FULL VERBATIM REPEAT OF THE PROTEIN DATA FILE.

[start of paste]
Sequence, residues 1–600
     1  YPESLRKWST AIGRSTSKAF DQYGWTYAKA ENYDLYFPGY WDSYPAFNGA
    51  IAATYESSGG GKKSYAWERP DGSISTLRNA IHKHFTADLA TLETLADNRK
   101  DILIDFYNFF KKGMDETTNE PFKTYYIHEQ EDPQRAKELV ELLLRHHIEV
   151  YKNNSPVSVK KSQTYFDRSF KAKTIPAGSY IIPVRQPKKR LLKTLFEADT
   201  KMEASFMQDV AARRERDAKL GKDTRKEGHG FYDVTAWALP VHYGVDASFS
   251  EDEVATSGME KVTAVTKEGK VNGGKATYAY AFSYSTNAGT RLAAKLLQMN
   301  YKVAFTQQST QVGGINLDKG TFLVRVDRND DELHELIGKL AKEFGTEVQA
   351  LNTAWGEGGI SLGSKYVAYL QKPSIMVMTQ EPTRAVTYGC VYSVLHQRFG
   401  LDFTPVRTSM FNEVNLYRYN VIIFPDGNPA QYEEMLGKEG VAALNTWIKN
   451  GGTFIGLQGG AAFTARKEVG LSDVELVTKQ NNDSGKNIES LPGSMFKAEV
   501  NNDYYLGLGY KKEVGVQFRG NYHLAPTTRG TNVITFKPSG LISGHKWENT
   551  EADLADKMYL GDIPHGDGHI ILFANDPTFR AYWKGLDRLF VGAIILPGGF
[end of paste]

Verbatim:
Sequence, residues 1–600
     1  YPESLRKWST AIGRSTSKAF DQYGWTYAKA ENYDLYFPGY WDSYPAFNGA
    51  IAATYESSGG GKKSYAWERP DGSISTLRNA IHKHFTADLA TLETLADNRK
   101  DILIDFYNFF KKGMDETTNE PFKTYYIHEQ EDPQRAKELV ELLLRHHIEV
   151  YKNNSPVSVK KSQTYFDRSF KAKTIPAGSY IIPVRQPKKR LLKTLFEADT
   201  KMEASFMQDV AARRERDAKL GKDTRKEGHG FYDVTAWALP VHYGVDASFS
   251  EDEVATSGME KVTAVTKEGK VNGGKATYAY AFSYSTNAGT RLAAKLLQMN
   301  YKVAFTQQST QVGGINLDKG TFLVRVDRND DELHELIGKL AKEFGTEVQA
   351  LNTAWGEGGI SLGSKYVAYL QKPSIMVMTQ EPTRAVTYGC VYSVLHQRFG
   401  LDFTPVRTSM FNEVNLYRYN VIIFPDGNPA QYEEMLGKEG VAALNTWIKN
   451  GGTFIGLQGG AAFTARKEVG LSDVELVTKQ NNDSGKNIES LPGSMFKAEV
   501  NNDYYLGLGY KKEVGVQFRG NYHLAPTTRG TNVITFKPSG LISGHKWENT
   551  EADLADKMYL GDIPHGDGHI ILFANDPTFR AYWKGLDRLF VGAIILPGGF